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Stocks close lower: Jet downing, expansion of Mideast fighting rattles investors

Financial numbers flow on the digital ticker tape at the TMX Group in Toronto's financial district on May 9, 2014. THE CANADIAN PRESS/Darren Calabrese

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Financial numbers flow on the digital ticker tape at the TMX Group in Toronto's financial district on May 9, 2014. THE CANADIAN PRESS/Darren Calabrese

TORONTO - The Toronto stock market closed in negative territory Thursday with traders largely avoiding risk in the wake of news that a Malaysian airliner with about 300 people on board crashed in Ukraine.

The S&P/TSX composite index declined 21.86 points to 15,204.48.

The market had been positive for much of the morning in the wake of a strong earnings report from Canadian Pacific Railway (TSX:CP).

Losses were slight on the Toronto market as gold stocks ran up sharply alongside bullion prices. The gold sector gained 2.45 per cent as the August bullion contract in New York moved up $17.10 to US$1,316.90 an ounce.

An adviser to Ukraine’s interior minister said the plane was flying at an altitude of 10,000 metres when it was hit by a missile, and Malaysian Airlines tweeted that it lost contact with one of its flights over Ukrainian airspace.

The region has seen severe fighting between Ukrainian forces and pro-Russia separatist rebels in recent days.

The flight to safety pushed the Canadian dollar down 0.11 of a cent to 92.95 cents US.

Traders were already cautious after the U.S. announced broader sanctions against Russia, targeting two major energy companies, a pair of powerful financial institutions, eight weapons firms and four individuals. The increased U.S. economic pressure is designed to end the insurgency in eastern Ukraine that is widely believed to be backed by the Kremlin.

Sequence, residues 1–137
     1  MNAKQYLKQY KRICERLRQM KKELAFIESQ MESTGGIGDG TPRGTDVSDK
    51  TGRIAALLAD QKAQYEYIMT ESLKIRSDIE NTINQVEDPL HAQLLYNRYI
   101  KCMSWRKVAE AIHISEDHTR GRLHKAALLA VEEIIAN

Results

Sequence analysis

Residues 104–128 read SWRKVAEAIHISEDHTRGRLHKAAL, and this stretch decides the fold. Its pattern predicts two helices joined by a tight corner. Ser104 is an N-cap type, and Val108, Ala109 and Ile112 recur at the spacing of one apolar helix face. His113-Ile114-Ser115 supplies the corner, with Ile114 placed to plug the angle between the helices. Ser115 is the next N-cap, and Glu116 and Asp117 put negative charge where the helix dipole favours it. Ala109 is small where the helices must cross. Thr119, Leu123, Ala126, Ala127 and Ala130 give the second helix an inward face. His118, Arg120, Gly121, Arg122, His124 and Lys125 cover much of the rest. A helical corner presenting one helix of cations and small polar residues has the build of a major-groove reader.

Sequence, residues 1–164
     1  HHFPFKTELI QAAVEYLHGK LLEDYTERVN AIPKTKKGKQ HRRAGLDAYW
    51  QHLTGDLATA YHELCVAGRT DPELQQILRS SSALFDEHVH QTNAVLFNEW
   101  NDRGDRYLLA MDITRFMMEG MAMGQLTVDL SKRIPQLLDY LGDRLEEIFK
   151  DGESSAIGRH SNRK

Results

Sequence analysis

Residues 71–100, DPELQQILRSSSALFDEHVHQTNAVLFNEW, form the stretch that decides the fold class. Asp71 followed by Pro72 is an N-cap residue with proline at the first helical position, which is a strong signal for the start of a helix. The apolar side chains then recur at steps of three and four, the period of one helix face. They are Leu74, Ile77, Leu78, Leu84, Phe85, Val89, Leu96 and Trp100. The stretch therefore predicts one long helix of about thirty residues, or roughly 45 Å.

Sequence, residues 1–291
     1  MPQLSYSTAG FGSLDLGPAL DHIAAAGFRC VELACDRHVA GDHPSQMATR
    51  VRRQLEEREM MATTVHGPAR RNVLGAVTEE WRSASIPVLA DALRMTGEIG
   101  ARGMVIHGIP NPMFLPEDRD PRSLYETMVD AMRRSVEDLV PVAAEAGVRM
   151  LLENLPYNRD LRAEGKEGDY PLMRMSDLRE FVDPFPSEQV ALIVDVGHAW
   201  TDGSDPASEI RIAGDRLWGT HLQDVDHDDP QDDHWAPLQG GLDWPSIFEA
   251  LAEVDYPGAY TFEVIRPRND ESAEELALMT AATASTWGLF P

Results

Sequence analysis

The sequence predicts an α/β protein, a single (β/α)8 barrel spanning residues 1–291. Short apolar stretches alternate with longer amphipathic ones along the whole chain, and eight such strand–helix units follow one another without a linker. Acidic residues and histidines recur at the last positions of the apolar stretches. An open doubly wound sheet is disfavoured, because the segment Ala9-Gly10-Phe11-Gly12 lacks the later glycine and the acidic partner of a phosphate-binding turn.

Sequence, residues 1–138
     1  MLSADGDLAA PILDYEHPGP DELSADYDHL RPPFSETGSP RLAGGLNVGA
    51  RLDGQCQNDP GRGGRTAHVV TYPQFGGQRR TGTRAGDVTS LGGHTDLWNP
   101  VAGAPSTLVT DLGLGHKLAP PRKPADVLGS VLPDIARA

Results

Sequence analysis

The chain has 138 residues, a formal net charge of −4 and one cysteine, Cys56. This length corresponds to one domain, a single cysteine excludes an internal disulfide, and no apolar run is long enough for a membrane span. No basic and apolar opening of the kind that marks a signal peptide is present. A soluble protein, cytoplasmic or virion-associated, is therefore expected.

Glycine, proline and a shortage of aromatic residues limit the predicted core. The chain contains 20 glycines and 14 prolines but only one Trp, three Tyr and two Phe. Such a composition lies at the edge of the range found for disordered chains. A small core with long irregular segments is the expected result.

Jitters also increased late in the session after the Israeli military said it had launched a ground operation in the Gaza Strip.

U.S. markets registered sharp losses with the Dow Jones industrials down 161.39 points at 16,976.81. The Nasdaq fell 62.52 points to 4,363.45, while the S&P 500 index shed 23.45 points to 1,958.12.

Canadian Pacific posted second-quarter net income of $371 million, or $2.11 per diluted share, up 48 per cent from a year ago and beating estimates by a penny. Its shares ran up $4.50 to $202.33.

CP's results also gave a lift to rival Canadian National Railways (TSX:CNR). CN shares gained 32 cents to $71.77 ahead of the release of its earnings on Monday.

"Both rail companies are benefiting from volume growth across most of the markets but we’re also seeing incredible strength in the grain side of the business and growth in shipments of oil by rail," said Colum McKinley, vice-president, Canadian equities, CIBC Asset Management.

"We think that the grain-based business and the crude oil shipment business are going to continue to be strong throughout the reminder of the year and into the first half of next year and that ... should contribute to continued strength in their earnings."

In the U.S., Microsoft plans to eliminate up to 18,000 jobs over the next year as it works on integrating the Nokia devices business it bought in April. Microsoft anticipates charges of $1.1 billion to $1.6 billion over the next four quarters. Its stock gained one per cent to $44.53.

Loblaw Companies Ltd. (TSX:L) says executive chairman Galen G. Weston will take on the additional role of president of the retailer as part of broader changes in its management structure. He replaces Vicente Trius effective immediately. Loblaw shares were down 32 cents to $48.96.

Most TSX sectors turned lower with the energy sector off 1.2 per cent as oil prices continued to benefit from data released Wednesday showing a much larger than expected drawdown of U.S. inventories last week. The August contract on the New York Mercantile Exchange was up $1.99 to US$103.19 a barrel.

The metals and mining sector was one per cent lower even as September copper in New York rose one cent to US$3.22 a pound.

Note to readers: CORRECTS to remove reference to Weston as formerly executive chairman

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